A California-based development company is making progress with its plans to transform the Soldotna “Y” with new buildings to house a Walgreens as well as other businesses yet to be determined.
The Soldotna Planning and Zoning Commission on Feb. 5 approved to replat two parcels at the “Y” into five as requested by Aventine Development Corporation.
John Czarnezki, Soldotna city planner, said two of the parcels will be used for Walgreens and its parking lot.
The remaining will be for other retail development.
“Hopefully we’ll find a couple other businesses that will help improve the local economy … and keep jobs in the city or hopefully even create some new jobs,” he said.
Czarnezki said the current buildings at the “Y” will be leveled, and knows the businesses have been actively looking to relocate.
Tammy Davis, owner of Chez Moi Boutique, is preparing to move to the Shops Around the Corner building, the former Pour House, at the intersection of the Sterling Highway and Kobuk Street.
Orange Poppy, a home décor store, and Northern Roots, a hair salon, will join Davis in the building.
“I’m excited,” Davis said about moving down the highway. “I think it’s a new opportunity. I’d been open a little over six and a half years now and I had kind of been looking for a new spot. “
Davis said she hopes to be open by April first in the new location.
Unlike Chez Moi, some other businesses at the “Y” have yet to firm up relocation plans. Peggy Mullen, owner of River City Books, said the business owners haven’t received notice that the sale of the property has been finalized, but they assume it will be and are looking for a new space.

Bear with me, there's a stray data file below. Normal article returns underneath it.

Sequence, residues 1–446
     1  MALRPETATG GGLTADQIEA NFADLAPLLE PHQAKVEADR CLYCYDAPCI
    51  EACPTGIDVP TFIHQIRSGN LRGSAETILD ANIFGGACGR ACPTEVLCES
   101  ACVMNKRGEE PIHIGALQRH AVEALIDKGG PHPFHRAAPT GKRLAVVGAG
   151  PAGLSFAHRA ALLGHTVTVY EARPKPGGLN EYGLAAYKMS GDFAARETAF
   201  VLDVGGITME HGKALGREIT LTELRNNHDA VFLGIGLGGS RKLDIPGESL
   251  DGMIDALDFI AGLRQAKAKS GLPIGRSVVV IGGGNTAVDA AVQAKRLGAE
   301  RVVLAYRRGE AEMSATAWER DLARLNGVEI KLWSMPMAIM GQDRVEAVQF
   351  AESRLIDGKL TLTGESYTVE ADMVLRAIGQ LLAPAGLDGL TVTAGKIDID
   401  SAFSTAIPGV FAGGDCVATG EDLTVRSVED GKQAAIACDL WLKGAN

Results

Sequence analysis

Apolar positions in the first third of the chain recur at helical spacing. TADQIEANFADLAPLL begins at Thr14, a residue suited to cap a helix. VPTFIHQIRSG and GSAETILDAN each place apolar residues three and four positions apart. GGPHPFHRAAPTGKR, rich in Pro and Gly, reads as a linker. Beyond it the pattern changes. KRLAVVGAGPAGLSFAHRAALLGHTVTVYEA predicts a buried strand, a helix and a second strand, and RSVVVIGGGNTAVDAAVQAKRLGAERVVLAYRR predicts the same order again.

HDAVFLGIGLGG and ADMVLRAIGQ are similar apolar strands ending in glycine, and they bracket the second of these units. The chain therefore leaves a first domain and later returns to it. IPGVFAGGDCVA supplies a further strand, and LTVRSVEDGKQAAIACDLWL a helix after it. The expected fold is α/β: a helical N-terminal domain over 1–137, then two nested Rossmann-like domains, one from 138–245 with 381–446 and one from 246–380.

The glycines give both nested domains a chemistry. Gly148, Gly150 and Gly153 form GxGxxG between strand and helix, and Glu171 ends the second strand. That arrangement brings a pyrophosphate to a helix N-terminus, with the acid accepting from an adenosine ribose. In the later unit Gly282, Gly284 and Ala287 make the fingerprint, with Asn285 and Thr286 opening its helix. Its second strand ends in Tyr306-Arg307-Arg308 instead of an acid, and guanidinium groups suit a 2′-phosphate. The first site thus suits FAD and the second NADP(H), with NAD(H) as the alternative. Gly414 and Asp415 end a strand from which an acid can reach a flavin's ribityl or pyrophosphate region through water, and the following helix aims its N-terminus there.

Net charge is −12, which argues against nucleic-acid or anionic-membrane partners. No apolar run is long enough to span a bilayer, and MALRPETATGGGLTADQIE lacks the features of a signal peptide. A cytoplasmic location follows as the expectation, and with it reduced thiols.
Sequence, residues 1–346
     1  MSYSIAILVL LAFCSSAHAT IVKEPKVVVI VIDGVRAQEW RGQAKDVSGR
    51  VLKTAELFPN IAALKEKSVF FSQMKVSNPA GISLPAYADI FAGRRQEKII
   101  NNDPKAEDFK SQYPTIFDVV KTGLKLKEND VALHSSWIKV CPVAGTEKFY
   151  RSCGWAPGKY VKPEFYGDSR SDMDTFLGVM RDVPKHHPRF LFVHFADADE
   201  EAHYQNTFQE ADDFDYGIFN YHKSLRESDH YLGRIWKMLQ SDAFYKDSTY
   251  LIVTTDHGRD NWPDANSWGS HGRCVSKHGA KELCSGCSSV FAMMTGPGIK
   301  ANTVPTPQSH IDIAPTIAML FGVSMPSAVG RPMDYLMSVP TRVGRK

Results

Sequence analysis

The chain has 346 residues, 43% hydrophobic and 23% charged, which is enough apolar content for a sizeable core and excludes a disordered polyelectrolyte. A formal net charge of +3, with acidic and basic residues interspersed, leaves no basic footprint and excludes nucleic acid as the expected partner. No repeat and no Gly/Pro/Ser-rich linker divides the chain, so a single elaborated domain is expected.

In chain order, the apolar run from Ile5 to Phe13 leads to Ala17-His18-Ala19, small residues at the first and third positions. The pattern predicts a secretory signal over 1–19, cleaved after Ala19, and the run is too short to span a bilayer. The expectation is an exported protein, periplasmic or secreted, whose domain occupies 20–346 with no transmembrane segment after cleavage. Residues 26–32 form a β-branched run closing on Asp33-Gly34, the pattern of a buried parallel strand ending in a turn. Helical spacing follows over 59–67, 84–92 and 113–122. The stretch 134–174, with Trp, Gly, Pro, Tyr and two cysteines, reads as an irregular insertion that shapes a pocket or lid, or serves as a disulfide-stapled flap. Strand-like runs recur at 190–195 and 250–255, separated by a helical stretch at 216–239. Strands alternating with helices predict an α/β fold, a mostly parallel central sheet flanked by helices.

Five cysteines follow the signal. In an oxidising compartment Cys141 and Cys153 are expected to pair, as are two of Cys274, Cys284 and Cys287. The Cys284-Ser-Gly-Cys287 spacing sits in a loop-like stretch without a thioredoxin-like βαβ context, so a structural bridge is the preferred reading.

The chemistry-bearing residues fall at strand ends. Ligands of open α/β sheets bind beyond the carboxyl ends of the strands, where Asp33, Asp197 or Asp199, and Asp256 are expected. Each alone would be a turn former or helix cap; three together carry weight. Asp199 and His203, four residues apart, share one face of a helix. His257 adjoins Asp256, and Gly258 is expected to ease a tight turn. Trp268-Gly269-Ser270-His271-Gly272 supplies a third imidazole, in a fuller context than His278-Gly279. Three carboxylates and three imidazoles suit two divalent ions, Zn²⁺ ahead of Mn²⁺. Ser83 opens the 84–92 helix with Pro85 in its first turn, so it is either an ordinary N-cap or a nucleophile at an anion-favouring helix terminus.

Sierra Conner, who opened Siren Salon in December at the “Y,” said she really likes that location and if the sale is finalized, she would like to be able to find a new space within Soldotna.
“Hopefully all of those businesses can find a new home in a place that they like and that they can do well in,” Czarnezki said. “And hopefully the new development coming in will also do well at that location.”
Current owners of the property, Mullen Homestead, could not confirm when the sale would be finalized.
Now that Soldonta’s commission has approved the plat, Czarnezki said its recommendation goes before the Kenai Peninsula Borough Plat Committee on Feb. 24.
If the platting committee determines any changes must be made, the development designer must make those changes and resubmit the design to the borough for final plat.
On Feb. 26, the Soldotna City Council will consider the platting committee’s recommendation.
Czarnezki said Aventine will have to, essentially, widen the right-of-way to meet Department of Transportation standards.
“So there’s a few steps yet to go, but they’re getting closer,” Czarnezki said.
Soldotna’s commission also will review a site plan, a layout design for the buildings, parking and landscaping, when the developer submits it. When the commission OKs the plan, Aventine will be awarded a zoning permit.
As it is the corporation’s policy to not comment on projects in the works, CEO Chad Hagle would not say how many or what other business could be moving into the space once it is constructed.
However, he did say the corporation has been working with the city for about two and half years in the background and while he would have liked to begin construction last season, development is a long-term process.
Kaylee Osowski is a reporter for the Peninsula Clarion. She can be reached at firstname.lastname@example.org.